The art of becoming a great leader is in developing your ability to leave your own ego at the door; and to recognize the skills and traits you don’t possess and that you need to build a world class organization. Warren Bennis
In a recent article, Borlongan-Alvarez reports several ways to make employees feel valued; below are some of what I consider the most salient:
- Set aside at least 15 minutes at the end of your staff meeting to thank employees who have done something special. Reward them with a flower or a certificate of appreciation.
- Take a different employee to lunch once a month—on you. Employees will appreciate the one-on-one time with you and you will get to know them on a more personal level.
- Have an open-door policy. Your employees should not feel intimidated when having to approach you to share their concerns.
A few of my own include the following:
- Delegation, or empowerment; this entails trust in the people who work with you (not for you). Trust is the opposite of feeling that things will fall apart unless workers are the recipients of your supervision.
- Ensure that the best and not the most boisterous are heard during meetings.
- Engage in self-management: ask yourself – am I proud of what I did? Would I want to see it again? Be concerned with the wreckage you leave in the wake of an emotional tirade.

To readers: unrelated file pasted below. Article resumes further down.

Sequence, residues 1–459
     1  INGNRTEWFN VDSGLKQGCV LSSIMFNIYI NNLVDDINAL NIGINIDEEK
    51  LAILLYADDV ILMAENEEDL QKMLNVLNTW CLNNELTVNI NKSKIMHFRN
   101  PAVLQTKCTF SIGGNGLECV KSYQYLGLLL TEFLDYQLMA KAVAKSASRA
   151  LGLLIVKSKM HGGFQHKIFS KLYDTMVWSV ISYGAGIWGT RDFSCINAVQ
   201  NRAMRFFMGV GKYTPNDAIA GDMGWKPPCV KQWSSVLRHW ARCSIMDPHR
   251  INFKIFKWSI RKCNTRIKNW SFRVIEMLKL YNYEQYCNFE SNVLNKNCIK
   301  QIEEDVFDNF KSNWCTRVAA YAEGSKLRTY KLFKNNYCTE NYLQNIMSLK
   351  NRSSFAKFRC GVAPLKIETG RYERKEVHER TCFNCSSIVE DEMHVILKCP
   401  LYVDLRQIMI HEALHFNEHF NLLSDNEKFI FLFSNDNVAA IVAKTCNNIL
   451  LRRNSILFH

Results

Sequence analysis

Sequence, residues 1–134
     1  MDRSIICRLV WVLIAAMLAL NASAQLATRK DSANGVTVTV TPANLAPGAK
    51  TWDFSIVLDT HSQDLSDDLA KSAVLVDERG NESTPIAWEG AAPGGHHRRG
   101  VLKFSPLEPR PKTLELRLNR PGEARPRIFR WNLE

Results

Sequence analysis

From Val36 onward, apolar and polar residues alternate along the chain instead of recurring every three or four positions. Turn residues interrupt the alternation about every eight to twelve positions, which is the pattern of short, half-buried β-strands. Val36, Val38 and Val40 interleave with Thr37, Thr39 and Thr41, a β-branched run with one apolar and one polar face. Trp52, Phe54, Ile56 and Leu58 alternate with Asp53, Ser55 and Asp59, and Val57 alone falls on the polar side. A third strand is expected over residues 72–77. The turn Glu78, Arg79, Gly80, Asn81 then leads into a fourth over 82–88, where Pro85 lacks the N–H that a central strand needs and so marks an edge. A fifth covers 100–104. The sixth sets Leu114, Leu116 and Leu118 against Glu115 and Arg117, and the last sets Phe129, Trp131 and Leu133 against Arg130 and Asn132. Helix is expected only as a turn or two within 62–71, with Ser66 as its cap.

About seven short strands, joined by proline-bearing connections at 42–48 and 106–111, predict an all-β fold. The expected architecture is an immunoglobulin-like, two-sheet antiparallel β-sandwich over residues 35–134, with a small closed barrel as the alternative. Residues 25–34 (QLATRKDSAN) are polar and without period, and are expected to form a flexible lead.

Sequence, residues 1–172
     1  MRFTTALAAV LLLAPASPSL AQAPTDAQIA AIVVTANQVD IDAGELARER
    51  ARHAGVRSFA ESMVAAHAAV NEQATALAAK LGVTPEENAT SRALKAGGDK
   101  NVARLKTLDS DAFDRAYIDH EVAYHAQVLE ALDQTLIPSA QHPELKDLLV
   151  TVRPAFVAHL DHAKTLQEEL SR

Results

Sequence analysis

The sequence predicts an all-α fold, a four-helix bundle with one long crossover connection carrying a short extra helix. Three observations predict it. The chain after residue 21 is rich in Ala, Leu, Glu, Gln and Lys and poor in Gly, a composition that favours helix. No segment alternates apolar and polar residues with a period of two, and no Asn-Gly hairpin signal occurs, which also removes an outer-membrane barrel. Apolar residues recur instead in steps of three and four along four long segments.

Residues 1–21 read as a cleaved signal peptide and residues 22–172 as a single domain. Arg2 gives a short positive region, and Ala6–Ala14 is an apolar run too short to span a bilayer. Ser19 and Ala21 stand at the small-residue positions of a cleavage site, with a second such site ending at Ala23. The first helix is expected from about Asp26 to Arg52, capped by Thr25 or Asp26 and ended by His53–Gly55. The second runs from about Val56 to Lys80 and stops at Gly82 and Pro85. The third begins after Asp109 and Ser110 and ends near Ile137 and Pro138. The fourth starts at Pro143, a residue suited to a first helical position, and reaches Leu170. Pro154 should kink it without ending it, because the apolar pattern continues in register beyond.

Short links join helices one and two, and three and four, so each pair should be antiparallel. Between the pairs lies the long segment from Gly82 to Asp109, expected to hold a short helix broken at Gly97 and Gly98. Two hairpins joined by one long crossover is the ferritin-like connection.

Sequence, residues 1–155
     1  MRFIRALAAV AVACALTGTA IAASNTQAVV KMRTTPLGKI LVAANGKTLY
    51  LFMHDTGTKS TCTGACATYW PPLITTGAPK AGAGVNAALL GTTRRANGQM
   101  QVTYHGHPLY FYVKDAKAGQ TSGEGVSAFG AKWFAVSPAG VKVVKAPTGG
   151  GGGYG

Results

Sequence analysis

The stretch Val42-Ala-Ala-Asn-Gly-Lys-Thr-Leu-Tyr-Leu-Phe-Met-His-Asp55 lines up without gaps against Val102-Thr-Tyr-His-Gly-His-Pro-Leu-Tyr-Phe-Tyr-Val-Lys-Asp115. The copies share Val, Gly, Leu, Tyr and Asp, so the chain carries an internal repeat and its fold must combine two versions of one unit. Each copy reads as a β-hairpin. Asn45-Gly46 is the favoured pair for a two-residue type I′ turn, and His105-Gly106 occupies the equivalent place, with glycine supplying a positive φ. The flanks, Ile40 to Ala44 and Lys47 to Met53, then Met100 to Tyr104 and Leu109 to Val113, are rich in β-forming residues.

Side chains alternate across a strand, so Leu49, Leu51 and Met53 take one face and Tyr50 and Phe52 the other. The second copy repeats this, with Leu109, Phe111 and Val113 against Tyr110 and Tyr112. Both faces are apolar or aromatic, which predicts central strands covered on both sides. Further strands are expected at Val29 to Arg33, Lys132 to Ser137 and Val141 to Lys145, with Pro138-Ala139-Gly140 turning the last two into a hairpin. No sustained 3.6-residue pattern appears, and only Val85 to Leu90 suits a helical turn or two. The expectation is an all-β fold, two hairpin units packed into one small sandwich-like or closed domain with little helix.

- Create a safe space; is your sphere of influence a place where workers bow down to bullies, and pay credence to the most competitive?
- Don’t develop a bad habit of leaving other people holding the bag.
- Try not to thwart individuals in their quest for affirmation – actively look for opportunities to praise.
- Try the obvious – tell them they’re valued. This may seem like a no brainer, but how often does it occur? Remember that you’re dealing with human entities who need warm fuzzies, care, and feeding. Their petals can be easily damaged.
People are keeping a mental inventory of their interactions with you, and they’re doing mental calculus to discern whether future discourse is to their benefit. Keep in mind they’re keeping score.
As Buckingham and Coffman suggest in First Break All the Rules, negative responses to the following questions can result in an “easy to leave” profile:
- Does my supervisor or someone at work seem to care about me as a person?
- At work, do my opinions seem to count?
- In the last seven days, have I received praise or recognition for good work?
- Is there someone who encourages my development?
As a boss, it’s to your benefit to purvey happiness. Employees who feel good about themselves exhibit a spillover effect (both to customers, and to their coworkers). They also work in a more synergistic fashion, accomplishing more with less.
The civility principle is underscored by our limited time on earth: why spend it making things unpleasant for other people? Your behavior goes beyond your sphere of influence. Consider the legacy you want to leave, and the face you present as representative of your affiliations. Based on your behavior, would people want to join the same clubs? Your every act is an advertisement – make sure others want to see the show.